Testing a Cobra CLI in Go

Go has a fantastic library for writing CLI’s (Command Line Interfaces) called Cobra. I’ve been working on a CLI named Deckard for a few months now. Being new to Go, I had (lazily) shied away from writing tests. However, after thinking about my test plan and doing a little refactoring, I’ve found a great way to handle testing your Cobra CLI application.

The idea behind Cobra is that you simply write “Command” functions. These command functions are then called by the Cobra library when it parses a valid command. This means that Cobra handles a lot of the heavy lifting here, and because of that, has a pretty opinionated project structure. Thankfully, Cobra also has a CLI that makes starting a new cobra project a breeze.

Our Cobra Command

Here’s an example of an extremely simple Cobra command from Deckard (commented for clarity):

package cmd

// Import cobra and other dependencies
import (
	"fmt"
	"github.com/spf13/cobra"
)

// caneCmd represents our command
var caneCmd = &cobra.Command{
	Use:   "cane",
	Short: "Ponder mysteries of the Horadrim", // short description
	Long:  `Ponder mysteries of the Horadrim`, // long description
	Run: func(cmd *cobra.Command, args []string) { // the function we want to run
                // Any code here is difficult to test!
		fmt.Println("Stay a while and listen...")
	},
}

// Our init function adds this command as a subcommand of our root command
// which is generated by the Cobra CLI when starting a new project).
func init() {
	rootCmd.AddCommand(caneCmd)
}

Testing our Cobra CLI Command

You’ll notice that we don’t exactly control an entry point into our code. This can make testing rather difficult, since Cobra is responsible for calling our command. However, with a small abstraction, we can make testing our command even easier. There are two similar paths to take with this refactor.

  1. Create a local function and have the anonymous cobra function call the local function.
  2. Create a local function and use a function reference in place of the anonymous function.

The first example can be accomplished like so.

package cmd

import (
	"fmt"
	"github.com/spf13/cobra"
)

func doSomething(cmd *cobra.Command, args []string) {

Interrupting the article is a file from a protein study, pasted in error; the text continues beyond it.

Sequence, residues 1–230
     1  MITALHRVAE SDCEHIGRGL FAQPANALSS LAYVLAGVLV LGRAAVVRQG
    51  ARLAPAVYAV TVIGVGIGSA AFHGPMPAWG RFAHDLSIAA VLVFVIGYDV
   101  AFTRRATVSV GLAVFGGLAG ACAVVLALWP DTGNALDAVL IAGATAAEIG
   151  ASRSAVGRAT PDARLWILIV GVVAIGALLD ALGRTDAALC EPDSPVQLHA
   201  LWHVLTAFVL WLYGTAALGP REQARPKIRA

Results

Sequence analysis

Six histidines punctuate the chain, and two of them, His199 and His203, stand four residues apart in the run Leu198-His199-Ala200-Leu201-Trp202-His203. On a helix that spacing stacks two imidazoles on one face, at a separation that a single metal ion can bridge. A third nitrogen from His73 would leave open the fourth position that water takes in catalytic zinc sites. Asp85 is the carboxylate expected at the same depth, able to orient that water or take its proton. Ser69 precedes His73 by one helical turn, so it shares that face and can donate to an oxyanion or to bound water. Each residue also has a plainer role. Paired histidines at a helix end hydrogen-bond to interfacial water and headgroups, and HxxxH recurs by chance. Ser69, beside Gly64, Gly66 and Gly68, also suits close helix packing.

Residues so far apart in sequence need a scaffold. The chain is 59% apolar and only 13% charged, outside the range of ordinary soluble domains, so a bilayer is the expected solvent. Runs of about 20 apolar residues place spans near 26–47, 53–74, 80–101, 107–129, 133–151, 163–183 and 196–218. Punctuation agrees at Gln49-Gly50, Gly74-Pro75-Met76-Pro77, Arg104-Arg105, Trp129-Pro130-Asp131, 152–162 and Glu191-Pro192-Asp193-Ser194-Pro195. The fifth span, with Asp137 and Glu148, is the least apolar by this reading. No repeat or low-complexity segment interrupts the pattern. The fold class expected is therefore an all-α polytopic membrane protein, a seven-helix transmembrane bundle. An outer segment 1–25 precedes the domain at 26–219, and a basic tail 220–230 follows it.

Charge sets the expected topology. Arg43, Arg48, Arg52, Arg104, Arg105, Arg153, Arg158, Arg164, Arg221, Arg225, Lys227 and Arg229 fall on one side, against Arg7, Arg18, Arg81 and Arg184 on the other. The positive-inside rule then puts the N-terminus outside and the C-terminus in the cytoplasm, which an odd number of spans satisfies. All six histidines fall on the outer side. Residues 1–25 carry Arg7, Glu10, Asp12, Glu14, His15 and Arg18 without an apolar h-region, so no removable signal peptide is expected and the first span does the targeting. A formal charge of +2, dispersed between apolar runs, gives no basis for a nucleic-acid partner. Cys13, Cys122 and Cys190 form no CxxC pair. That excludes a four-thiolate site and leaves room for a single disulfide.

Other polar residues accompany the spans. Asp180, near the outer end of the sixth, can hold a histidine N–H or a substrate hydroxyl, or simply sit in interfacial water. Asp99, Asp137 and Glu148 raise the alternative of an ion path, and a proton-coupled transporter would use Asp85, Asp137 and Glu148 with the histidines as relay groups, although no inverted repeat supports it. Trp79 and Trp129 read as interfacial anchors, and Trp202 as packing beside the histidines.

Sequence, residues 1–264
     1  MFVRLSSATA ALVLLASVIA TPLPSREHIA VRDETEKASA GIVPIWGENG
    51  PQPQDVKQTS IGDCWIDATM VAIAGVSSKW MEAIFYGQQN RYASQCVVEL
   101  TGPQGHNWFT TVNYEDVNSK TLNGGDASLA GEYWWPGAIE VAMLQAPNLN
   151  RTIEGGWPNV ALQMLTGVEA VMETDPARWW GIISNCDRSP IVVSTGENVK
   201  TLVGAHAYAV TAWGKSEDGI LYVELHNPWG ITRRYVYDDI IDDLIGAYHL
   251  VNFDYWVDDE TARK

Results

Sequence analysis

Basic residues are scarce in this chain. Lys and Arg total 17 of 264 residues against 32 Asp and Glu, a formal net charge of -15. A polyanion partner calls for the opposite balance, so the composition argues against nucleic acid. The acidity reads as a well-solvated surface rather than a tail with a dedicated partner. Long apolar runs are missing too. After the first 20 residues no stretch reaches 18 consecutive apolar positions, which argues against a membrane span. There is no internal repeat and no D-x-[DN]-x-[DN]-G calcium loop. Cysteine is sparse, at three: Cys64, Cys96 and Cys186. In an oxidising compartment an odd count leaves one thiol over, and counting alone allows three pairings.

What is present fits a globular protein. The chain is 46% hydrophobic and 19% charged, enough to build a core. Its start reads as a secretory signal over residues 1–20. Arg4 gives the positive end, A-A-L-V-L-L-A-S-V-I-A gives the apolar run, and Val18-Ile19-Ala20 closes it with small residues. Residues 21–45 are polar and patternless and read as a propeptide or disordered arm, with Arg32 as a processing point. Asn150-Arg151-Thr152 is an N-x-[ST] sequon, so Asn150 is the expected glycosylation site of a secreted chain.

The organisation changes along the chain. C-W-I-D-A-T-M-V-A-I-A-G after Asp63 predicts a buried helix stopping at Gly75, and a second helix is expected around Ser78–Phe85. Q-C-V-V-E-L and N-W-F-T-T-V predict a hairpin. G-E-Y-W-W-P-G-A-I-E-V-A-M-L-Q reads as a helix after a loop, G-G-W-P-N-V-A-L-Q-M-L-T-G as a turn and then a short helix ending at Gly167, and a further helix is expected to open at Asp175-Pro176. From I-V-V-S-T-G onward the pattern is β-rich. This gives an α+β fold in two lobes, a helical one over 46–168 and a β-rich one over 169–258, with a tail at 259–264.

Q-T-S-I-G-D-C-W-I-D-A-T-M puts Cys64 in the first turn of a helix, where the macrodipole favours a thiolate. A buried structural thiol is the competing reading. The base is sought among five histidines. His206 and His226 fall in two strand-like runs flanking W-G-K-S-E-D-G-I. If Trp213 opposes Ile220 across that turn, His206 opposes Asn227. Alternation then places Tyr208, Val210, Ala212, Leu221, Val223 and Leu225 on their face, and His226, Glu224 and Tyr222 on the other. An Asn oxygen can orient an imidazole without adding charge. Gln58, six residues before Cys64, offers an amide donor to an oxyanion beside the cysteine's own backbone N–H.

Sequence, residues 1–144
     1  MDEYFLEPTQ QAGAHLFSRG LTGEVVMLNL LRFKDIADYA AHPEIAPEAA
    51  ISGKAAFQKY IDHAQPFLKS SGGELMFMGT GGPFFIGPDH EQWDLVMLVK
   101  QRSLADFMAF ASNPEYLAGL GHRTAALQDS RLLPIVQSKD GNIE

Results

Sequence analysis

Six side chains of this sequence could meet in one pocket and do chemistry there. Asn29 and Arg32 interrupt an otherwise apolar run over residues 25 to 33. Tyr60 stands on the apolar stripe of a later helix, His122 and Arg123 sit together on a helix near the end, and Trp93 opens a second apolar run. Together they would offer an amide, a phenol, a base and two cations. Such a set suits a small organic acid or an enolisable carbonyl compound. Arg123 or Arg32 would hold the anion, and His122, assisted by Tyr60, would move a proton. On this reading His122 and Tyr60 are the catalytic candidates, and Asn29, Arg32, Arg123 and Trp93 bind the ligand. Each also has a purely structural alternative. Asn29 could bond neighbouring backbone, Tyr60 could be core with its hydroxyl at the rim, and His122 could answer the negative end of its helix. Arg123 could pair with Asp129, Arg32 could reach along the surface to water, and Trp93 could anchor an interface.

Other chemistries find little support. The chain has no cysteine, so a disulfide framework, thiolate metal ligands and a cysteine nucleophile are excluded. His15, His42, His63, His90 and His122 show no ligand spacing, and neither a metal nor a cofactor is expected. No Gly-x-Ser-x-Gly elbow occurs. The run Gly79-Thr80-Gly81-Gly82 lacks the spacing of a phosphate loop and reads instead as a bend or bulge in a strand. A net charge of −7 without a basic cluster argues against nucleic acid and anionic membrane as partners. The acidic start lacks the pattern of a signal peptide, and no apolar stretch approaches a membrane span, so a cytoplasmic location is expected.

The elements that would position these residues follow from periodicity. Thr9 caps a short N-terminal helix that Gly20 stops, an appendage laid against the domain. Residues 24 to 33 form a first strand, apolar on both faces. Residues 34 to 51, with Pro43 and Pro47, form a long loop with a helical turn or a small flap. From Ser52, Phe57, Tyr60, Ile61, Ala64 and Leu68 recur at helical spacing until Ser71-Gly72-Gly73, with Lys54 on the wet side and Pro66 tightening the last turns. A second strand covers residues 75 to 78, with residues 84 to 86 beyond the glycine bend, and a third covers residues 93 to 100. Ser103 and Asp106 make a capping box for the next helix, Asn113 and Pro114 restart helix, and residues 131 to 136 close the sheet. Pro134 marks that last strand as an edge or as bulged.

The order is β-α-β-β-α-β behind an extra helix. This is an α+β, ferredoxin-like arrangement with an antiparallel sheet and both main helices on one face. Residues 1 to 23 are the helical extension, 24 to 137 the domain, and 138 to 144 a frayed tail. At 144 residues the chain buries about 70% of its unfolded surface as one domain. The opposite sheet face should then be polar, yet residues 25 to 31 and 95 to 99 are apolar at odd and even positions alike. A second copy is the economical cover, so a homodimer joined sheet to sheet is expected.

fmt.Println("Stay a while and listen...")
}

// caneCmd represents the cane command
var caneCmd = &cobra.Command{
	Use:   "cane",
	Short: "Ponder mysteries of the Horadrim",
	Long:  `Ponder mysteries of the Horadrim`,
	Run: func(cmd *cobra.Command, args []string) {
		doSomething(cmd, args)
	},
}

func init() {
	rootCmd.AddCommand(caneCmd)
}

With this pattern, we can easily test the doSomething function and since the command function simply calls that function, that gives us pretty great coverage. The other pattern, however, is even cleaner.

package cmd

import (
	"fmt"
	"github.com/spf13/cobra"
)

func doSomething(cmd *cobra.Command, args []string) {
	fmt.Println("Stay a while and listen...")
}

// caneCmd represents the cane command
var caneCmd = &cobra.Command{
	Use:   "cane",
	Short: "Ponder mysteries of the Horadrim",
	Long:  `Ponder mysteries of the Horadrim`,
	Run: doSomething,
}

func init() {
	rootCmd.AddCommand(caneCmd)
}

With this pattern, we simply use the function reference instead of a pass-through function. We can still write tests for doSomething, but this code might look a bit more foreign to developers who haven’t seen it before. A trade-off for everything, I suppose.

Which do you prefer? Let me know in the comments below!

If you’d like to learn more about Go, you can find my posts on Google’s programming language here!

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